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Timeline: Traffic news radio station could become permanent

Traffic news radio station could become permanent was a headline from The Irish Times dated May 5th 1999.

Irish Times – May 5th 1999

Traffic news radio station could become permanent

Travel FM, Dublin’s newest radio station providing 24-hour traffic information, could become a permanent service if it proves successful, according to the station’s organisers.

Mr Owen Keegan, director of traffic for Dublin Corporation, which is running the temporary station along with the Garda, said that “having put so much effort into developing this, obviously we hope it will have some sort of future”. They would first have to prove there was a demand from motorists for the service.

The station, which has cost £125,000 to develop, will begin broadcasting next Monday. It will operate on a pilot basis for eight weeks on 106.8 FM.

Using Corporation CCTV cameras and the Garda helicopter, the station will provide information on traffic congestion and accidents, delays caused by special events such as football matches or concerts and parking availability in multi-storey car parks.

It will also broadcast reports from Aer Rianta on traffic conditions and parking availability at Dublin Airport, and details of Dublin Bus, Iarnrod Eireann suburban rail and DART services, as well as information on ferry sailings into Dublin Port and Dun Laoghaire Harbour.

Announcing the station yesterday, Mr Keegan said it might, in the future, provide other public service information from warnings on water shortages to details on the playability of corporation football pitches.

He stressed it was “not an entertainment channel” but it would broadcast music during off-peak hours, between 7 p.m. and 7 a.m.

Rather than providing the information through live presenters, the station will use pre-recorded voices. Thousands of traffic-related words and phrases have already been saved on computer and will be pieced together to provide continuous reports.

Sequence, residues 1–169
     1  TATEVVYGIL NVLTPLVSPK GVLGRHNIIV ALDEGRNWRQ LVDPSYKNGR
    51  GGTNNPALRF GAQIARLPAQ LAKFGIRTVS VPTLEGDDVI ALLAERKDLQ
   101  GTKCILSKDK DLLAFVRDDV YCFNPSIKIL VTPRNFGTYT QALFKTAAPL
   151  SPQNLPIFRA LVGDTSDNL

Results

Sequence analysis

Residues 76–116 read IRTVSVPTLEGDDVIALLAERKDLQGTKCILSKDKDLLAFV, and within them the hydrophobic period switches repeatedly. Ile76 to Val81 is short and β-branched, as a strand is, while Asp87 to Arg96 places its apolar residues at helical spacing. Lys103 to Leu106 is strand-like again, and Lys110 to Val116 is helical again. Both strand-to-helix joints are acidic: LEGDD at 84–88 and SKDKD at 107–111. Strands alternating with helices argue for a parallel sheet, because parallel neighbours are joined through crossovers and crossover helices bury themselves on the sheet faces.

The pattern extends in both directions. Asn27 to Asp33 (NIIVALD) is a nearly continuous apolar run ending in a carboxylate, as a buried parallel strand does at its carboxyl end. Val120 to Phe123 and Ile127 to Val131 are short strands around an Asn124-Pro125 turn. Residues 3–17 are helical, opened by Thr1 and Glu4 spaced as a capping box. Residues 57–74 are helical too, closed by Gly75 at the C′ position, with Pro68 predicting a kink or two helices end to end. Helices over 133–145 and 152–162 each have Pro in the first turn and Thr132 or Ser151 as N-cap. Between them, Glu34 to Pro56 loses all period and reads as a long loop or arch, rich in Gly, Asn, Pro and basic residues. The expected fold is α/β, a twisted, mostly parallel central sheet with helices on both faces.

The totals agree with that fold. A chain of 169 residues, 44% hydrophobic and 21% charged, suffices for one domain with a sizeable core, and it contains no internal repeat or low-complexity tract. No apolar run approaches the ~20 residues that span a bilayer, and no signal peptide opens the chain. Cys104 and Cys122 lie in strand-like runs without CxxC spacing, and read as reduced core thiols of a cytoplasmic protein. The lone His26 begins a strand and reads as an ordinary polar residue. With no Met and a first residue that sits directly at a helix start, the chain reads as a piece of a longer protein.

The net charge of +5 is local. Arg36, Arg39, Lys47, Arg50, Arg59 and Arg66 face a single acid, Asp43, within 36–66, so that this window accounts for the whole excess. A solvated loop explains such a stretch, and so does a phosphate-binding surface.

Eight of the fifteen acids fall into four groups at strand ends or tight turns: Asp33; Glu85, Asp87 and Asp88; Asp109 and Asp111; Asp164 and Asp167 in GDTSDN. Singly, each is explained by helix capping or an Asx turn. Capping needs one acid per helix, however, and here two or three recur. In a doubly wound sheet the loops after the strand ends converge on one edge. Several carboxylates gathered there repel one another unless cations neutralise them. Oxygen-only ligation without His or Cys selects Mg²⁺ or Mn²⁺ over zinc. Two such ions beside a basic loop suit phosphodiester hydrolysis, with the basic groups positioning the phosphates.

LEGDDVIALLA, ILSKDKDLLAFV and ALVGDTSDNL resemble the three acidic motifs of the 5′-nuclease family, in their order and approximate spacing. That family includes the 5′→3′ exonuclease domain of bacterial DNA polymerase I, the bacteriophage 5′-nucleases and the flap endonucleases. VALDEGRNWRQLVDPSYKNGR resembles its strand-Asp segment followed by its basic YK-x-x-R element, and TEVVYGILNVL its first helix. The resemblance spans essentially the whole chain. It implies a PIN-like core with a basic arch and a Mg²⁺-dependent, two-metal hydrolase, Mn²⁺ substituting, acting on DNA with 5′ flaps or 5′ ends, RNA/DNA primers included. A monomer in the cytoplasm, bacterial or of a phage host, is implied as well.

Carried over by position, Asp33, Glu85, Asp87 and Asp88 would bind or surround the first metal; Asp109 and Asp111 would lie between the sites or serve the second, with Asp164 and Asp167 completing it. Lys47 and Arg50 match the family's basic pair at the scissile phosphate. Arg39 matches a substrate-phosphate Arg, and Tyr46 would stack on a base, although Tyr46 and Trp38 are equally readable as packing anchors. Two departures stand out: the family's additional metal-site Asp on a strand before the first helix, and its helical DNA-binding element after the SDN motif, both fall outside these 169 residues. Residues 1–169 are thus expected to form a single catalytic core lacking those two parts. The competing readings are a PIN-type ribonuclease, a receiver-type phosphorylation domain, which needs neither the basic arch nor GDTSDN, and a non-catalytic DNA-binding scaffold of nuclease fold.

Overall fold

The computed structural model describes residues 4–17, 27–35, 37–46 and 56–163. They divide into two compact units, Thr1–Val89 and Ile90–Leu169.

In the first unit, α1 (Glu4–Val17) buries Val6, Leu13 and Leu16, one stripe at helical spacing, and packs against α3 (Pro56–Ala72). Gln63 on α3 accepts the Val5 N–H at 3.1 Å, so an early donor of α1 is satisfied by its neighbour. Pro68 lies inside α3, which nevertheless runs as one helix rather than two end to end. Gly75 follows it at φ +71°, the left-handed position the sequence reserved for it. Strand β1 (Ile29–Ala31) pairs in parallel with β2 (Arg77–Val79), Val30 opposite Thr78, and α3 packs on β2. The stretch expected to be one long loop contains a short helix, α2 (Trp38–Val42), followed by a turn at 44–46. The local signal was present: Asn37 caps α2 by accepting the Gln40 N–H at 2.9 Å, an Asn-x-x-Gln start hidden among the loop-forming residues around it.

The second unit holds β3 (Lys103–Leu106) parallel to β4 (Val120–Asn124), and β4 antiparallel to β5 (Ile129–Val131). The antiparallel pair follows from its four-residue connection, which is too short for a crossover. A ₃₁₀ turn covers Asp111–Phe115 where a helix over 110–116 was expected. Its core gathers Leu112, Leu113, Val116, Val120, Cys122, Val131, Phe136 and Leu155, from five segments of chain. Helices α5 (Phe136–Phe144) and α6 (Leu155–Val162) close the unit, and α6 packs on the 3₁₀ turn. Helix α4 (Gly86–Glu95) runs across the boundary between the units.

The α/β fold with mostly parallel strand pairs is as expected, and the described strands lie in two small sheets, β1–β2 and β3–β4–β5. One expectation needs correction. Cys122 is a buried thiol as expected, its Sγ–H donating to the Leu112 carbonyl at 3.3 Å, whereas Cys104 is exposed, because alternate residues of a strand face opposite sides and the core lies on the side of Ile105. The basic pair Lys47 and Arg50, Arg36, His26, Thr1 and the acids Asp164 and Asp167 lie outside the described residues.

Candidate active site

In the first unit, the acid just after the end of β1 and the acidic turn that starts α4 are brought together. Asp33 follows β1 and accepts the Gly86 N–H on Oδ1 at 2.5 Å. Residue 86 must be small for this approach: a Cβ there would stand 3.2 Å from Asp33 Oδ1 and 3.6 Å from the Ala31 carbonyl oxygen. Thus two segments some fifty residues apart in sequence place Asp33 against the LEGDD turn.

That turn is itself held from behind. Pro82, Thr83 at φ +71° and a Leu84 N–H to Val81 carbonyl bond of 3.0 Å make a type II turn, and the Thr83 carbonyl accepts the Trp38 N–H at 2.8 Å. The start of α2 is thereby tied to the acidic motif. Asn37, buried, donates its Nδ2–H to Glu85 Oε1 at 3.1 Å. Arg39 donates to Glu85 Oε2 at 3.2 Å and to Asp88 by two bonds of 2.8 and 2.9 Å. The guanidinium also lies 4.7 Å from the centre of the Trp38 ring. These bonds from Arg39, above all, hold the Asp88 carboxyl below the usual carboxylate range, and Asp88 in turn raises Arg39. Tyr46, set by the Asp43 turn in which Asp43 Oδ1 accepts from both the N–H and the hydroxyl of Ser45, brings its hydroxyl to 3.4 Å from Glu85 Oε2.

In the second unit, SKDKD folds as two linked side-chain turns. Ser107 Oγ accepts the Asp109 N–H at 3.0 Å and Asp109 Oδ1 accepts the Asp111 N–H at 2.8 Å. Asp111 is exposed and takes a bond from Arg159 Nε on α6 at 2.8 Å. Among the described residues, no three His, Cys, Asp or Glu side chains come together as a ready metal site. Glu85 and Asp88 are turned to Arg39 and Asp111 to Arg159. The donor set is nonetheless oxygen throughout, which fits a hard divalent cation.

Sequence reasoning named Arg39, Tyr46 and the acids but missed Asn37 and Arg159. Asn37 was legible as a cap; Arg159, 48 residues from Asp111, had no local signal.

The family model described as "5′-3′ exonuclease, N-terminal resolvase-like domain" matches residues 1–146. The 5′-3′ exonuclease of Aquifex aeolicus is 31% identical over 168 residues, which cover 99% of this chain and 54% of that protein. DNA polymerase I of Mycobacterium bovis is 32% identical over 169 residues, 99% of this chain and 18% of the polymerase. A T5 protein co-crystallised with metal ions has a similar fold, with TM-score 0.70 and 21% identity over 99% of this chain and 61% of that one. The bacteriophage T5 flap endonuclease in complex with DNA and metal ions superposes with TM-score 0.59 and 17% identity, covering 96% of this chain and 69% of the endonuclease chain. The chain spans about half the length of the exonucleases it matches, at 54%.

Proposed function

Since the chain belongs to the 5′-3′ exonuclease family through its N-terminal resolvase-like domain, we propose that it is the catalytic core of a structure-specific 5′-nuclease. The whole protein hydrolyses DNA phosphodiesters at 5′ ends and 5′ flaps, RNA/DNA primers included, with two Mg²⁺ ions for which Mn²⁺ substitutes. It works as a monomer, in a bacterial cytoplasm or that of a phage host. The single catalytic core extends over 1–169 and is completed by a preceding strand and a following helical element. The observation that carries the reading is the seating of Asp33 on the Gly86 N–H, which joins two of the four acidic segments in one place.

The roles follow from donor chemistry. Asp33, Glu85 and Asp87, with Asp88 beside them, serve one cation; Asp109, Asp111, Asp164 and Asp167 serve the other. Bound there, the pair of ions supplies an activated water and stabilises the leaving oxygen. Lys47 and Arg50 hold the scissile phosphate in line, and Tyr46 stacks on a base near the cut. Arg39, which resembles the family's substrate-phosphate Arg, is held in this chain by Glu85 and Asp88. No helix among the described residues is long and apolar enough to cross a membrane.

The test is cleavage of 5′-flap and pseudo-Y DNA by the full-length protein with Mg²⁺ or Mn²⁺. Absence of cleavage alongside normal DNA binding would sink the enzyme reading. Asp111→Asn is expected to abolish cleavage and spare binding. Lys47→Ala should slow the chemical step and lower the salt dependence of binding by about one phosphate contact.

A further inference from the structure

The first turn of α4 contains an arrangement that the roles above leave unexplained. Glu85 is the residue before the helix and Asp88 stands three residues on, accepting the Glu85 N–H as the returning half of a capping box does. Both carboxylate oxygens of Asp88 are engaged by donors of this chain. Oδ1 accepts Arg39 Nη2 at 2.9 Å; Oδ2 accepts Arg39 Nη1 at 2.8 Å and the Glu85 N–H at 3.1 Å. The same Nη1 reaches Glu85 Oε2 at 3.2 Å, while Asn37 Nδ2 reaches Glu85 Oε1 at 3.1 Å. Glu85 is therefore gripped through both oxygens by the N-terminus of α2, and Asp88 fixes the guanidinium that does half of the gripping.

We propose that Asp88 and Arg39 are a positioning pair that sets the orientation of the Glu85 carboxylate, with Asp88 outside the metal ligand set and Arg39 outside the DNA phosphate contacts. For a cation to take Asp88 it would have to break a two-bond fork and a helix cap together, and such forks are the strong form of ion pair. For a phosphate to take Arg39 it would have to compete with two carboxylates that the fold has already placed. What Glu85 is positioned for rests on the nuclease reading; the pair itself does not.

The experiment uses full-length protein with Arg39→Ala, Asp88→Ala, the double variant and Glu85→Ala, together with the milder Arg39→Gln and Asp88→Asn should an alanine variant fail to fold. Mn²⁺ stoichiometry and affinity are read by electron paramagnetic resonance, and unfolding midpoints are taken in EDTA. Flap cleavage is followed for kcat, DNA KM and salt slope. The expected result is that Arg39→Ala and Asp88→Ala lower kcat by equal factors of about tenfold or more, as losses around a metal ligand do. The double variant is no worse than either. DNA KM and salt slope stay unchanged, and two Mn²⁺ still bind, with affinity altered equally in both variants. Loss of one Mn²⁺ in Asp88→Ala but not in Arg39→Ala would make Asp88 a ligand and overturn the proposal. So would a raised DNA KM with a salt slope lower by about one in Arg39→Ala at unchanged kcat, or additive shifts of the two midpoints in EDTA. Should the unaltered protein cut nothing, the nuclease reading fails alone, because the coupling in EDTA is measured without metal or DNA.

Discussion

While the corporation paid tribute to AA Roadwatch for making “a major contribution” to improving access to traffic information, it said the motoring body was able to provide only limited reports because of restricted broadcasting times. In addition, there could be significant delays in broadcasting relevant information. Mr Keegan encouraged other radio stations to use the information from Travel FM if they wished.

The Garda Commissioner, Mr Pat Byrne, said the initiative would not put any extra strain on the Garda helicopter or on gardai who will be asked to provide traffic information to a central unit. “If there was some urgent operation the helicopter would be immediately deployed to deal with it,” he stressed.

Bust-up on the air

Two Breakfast Show co-hosts on a local station in England fell out live on air on Thursday, prompting one of them to storm out of the studio. The row started during a discussion on their programme on Plymouth Sound about customer service. Martin Mills claimed that there was an obligation on shops to give refunds for undamaged goods. However, Vicky Compton was certain that there was none.

Two Breakfast Show co-hosts on a local station in England fell out live on air on Thursday, prompting one of them to storm out of the studio. The row started during a discussion on their programme on Plymouth Sound about customer service. Martin Mills claimed that there was an obligation on shops to give refunds for undamaged goods. However, Vicky Compton was certain that there was none.

A caller rang in to support the female presenter, prompting Mills to ask her if she was “another whinging woman” and then accused her of “spouting emotional crap”. Although a trading standards officer had already confirmed that Mills was right, Compton was enraged at his treatment of both her and the caller. She accused her co-host of being opinionated and “always having to be right”. She slammed down her headphones in disgust and left the studio, with Mills advising her to “put the kettle on while you’re out there.”

He carried on, continually making comments and refusing to apologise. At this point Gavin Marshall, the programme controller, took over, sending Mills home.
Although the pair haven’t been suspended, they refuse to make up and have been ordered to stay off the air until they cool down. Both have confirmed, however, that they will be back on air on Monday. She has admitted to being nervous about her return, but Mills continues to be outspoken.
He said: “I’m sorry I upset Vicky, but at the end of the day I was actually right. Someone accused me of not liking women — that’s rubbish, I love women. I’ve got five of them: one to do the cooking, one to do the cleaning, one to sleep with . . .”

A ‘Grey Wednesday’ for Dublin’s Pirates

Dublin’s FM band was totally clear of unlicensed activity today for the first time since last year’s May ‘Black Tuesday’ raids. Every Dublin-based pirate station was off the air, the vast majority for precautionary reasons.